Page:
In the second story, “Crystal Ball,” the onset of strangeness is equally immediate: “Anyone who happened to sniff cocaine on October 24, 1917, on the deserted and inhuman avenues of St. Petersburg, knows for certain that man is not the king of creation.” The opening line is arresting because cocaine sniffing is not what one typically associates with the Great October Revolution. But the wet darkness of St. Petersburg’s night, the Shpalernaya Street, the wind whistling down the drainpipes are as real as the forthcoming revolution itself. The subject matter of the cadet officers’ conversation furthers the story’s hold on our attention: they talk about each man’s unique mission in the world; not an unusual subject for a Russian per se, yet in the story it acts like a louder note in a crescendo. In a brief lapse of consciousness, one of the officers, Yury, dreams of “a formless swirling mass of emptiness radiating icy cold” that closes in on a city “crowned with golden church cupolas that seemed to hang inside a crystal ball.” Our hearts stand still. There’s hardly another night in Russian history as important and as tragic as that of October 24, 1917, after which old Russia will no longer exist. It doesn’t matter that we readers know the outcome. We want to know what might have been. Our engagement is achieved by the urgency of the premise as much as by the strangeness of the officers’ pursuits.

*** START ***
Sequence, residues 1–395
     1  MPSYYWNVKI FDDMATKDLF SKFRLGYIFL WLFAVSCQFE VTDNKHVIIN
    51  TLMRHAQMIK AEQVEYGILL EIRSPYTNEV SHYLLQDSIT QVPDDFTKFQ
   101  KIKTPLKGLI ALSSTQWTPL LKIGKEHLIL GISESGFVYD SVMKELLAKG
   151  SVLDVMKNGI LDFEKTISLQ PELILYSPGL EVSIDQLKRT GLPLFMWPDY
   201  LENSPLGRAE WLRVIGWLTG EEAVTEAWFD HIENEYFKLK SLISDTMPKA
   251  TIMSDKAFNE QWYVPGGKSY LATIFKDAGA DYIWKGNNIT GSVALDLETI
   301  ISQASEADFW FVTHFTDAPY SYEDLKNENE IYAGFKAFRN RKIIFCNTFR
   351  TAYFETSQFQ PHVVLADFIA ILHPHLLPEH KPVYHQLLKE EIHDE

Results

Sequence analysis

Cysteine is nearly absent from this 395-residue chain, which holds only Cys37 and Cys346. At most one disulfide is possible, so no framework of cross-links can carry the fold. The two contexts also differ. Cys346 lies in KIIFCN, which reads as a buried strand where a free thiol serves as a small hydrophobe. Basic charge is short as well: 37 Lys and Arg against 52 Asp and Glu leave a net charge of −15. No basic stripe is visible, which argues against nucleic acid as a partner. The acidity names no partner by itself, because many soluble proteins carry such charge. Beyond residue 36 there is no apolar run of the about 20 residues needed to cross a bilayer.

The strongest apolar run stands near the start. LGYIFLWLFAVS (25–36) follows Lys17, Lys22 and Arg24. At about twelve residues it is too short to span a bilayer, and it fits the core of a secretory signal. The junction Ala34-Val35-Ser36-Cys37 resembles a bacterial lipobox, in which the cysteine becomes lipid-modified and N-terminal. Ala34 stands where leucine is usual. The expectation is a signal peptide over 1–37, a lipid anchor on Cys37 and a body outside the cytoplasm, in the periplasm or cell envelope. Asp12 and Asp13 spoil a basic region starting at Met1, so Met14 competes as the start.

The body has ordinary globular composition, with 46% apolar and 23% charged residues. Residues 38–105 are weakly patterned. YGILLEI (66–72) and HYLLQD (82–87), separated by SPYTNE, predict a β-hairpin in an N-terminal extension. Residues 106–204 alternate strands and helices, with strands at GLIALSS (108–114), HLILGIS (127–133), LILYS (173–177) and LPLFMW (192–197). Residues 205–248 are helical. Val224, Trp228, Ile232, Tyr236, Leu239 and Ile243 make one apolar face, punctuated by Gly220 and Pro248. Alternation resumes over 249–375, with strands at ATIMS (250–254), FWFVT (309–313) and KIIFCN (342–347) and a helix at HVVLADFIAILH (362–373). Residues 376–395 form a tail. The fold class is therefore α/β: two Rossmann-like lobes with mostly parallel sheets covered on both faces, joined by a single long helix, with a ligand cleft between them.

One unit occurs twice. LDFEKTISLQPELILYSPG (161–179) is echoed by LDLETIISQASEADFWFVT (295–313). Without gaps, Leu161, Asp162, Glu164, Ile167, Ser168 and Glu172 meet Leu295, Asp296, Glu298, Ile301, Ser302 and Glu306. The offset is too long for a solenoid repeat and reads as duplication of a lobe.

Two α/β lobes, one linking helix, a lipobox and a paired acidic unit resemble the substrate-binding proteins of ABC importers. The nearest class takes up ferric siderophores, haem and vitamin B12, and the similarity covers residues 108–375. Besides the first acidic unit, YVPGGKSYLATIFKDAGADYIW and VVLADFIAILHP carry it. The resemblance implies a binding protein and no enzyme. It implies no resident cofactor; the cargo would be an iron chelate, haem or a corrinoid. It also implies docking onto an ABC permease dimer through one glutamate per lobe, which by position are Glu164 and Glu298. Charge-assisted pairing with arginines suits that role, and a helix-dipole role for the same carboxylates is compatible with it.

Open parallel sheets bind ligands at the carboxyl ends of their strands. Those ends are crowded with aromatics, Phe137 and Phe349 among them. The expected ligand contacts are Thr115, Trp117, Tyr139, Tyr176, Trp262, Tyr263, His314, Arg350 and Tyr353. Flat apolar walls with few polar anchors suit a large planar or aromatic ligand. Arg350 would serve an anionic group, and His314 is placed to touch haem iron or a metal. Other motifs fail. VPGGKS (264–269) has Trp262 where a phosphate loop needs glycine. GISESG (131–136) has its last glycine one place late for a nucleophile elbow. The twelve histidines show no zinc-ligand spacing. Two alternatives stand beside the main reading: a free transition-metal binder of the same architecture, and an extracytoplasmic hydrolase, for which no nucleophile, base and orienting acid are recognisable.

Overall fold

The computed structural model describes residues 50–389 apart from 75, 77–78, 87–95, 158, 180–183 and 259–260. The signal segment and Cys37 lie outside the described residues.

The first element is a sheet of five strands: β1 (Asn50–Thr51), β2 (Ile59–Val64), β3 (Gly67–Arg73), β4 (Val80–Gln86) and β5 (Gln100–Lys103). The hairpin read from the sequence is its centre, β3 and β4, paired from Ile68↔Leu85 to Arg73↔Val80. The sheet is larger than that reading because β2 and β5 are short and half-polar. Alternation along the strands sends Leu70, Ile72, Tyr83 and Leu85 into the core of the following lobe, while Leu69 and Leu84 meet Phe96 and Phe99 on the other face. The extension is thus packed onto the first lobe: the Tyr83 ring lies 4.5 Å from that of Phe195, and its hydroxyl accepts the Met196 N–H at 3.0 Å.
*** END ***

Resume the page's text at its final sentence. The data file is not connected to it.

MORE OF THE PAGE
As the second story unfolds, Pelevin continues to mix ordinary with extraordinary: the demon from Yuri’s drug-induced dreams attempts to slip into the reality of Shpalernaya Street in different guises—an old woman, a middle-aged man, and a wounded veteran in a wheelchair. All three share Lenin’s now-famous kartavost, or inability to roll the “r,” and all three try to get past the cadet cordons to Smolny, soon to be the headquarters of the revolution. (Here we readers are smarter than the characters, but it’s a sad smartness based on historical perspective.) Pelevin’s three demons do not have goat hooves or tails, but their placement in the story makes them instantly recognizable. Three times the cadets repel evil, but then their vigilance fails: accompanied by a muffled rattle of bottles that is vaguely reminiscent of kartavost, “a typical class-conscious proletary” pushes a yellow cart inscribed “Lemonade” toward Smolny. The demon wins. The crystal ball, Russia, is lost. What stays is the “cold, wet and dirty Shpalernaya Street,” with its “houses that loomed like the walls of that deep dark fissure beyond which, if an ancient poet is to be believed, lies the entrance to Hell.” It’s up to the reader to decide what Shpalernaya Street really is. Pelevin furnishes convincing evidence for both.